The five most-read stories on Scope this week were:
Ask Stanford Med: Director of Stanford Headache Clinic taking questions on headache disorders: This week, Robert Cowan, MD, director of the Stanford Headache Clinic, took questions about headache disorders, recent improvements in managing them, and the use of a multifaceted approach to treating symptoms. He will respond to a selection of the questions submitted in a future entry on Scope.
How mindfulness-based therapies can improve attention and health: The cover story of the latest issue of Scientific American focuses on the growing body of scientific evidence showing that mindfulness training lowers psychological stress and boosts both mental and physical health. The piece outlines how research over the past three decades has shown that mindfulness-based therapies can be useful in treating anxiety disorders, preventing recurrence of depression and easing chronic pain.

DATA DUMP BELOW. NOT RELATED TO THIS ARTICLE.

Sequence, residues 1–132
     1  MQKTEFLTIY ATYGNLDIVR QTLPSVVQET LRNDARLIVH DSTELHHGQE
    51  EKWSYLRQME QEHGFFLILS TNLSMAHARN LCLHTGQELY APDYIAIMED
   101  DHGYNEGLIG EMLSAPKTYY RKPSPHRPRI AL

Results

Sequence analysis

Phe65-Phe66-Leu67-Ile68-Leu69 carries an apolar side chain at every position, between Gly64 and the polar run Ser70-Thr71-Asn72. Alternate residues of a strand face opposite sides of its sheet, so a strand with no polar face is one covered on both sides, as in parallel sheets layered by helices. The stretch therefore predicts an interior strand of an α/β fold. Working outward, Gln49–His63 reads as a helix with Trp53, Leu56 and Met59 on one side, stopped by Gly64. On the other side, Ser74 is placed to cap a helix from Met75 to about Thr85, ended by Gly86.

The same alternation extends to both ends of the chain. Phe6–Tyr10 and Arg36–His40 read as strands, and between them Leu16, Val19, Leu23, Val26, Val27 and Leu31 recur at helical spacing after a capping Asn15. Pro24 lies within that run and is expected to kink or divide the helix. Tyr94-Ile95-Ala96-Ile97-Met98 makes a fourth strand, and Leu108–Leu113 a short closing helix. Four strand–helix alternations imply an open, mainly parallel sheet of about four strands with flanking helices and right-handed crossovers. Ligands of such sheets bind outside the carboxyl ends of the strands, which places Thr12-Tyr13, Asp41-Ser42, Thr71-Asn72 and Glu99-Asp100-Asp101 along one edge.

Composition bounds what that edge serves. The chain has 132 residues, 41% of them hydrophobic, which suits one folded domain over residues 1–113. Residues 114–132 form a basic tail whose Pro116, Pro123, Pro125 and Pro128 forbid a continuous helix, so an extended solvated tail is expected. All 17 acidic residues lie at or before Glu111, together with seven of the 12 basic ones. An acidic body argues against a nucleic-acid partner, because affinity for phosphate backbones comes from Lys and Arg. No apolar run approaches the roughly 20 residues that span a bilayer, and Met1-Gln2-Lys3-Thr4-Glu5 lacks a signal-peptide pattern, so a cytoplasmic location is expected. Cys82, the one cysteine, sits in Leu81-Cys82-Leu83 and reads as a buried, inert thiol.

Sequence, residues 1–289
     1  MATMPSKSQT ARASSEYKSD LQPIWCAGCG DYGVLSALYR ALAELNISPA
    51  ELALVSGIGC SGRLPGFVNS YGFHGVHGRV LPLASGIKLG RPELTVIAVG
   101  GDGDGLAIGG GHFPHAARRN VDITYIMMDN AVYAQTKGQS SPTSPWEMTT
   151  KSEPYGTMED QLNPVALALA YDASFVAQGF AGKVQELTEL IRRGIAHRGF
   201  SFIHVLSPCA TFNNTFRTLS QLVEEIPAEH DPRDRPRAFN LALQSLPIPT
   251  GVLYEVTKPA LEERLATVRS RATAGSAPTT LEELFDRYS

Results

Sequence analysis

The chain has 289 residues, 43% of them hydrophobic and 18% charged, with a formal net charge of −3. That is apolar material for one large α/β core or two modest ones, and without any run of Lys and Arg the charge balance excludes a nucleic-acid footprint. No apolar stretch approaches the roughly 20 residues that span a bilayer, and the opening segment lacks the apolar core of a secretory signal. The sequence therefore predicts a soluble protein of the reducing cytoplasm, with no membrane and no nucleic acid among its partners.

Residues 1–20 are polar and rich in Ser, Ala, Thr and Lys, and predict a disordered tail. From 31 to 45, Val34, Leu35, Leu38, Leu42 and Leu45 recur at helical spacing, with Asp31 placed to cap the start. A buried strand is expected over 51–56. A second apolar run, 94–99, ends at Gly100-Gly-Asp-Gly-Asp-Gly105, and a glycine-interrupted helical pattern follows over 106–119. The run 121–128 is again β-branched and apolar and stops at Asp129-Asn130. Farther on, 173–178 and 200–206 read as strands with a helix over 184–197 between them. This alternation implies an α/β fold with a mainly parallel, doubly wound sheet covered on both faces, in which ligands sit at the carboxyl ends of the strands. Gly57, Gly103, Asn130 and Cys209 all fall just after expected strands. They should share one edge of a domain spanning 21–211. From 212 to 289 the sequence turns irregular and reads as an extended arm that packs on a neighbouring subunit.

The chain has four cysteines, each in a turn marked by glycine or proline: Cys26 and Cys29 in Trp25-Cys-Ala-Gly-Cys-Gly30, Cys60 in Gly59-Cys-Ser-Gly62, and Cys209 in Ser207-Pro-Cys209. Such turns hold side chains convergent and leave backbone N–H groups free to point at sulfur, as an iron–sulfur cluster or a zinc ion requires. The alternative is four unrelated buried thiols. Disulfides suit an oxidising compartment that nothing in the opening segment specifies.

Stanford pediatric AIDS expert: Was the baby really cured? There has been much talk about a baby born with HIV who was reportedly cured of the disease – only the second documented case of an AIDS “cure.” In this entry, Yvonne Maldonado, MD, a pediatric AIDS expert at Stanford, offers her perspective on the Mississippi child’s treatment and discusses why there are still many questions to be answered before declaring this case a truly functional cure.
Medical students create online newspaper to promote the voice of physicians-in-training: In a recent guest post on the SA Incubator blog, a pair of Albany Medical College students discuss their motivation for launching an online newspaper where the content is created entirely by physicians-in-training for their peers.
What does the sugar-diabetes finding mean for Type 1 diabetes?: Several readers asked why our coverage of a recent diabetes study did not specify that the findings apply only to Type 2 diabetes. The short answer is that the study itself did not distinguish between Type 1 and Type 2 diabetes.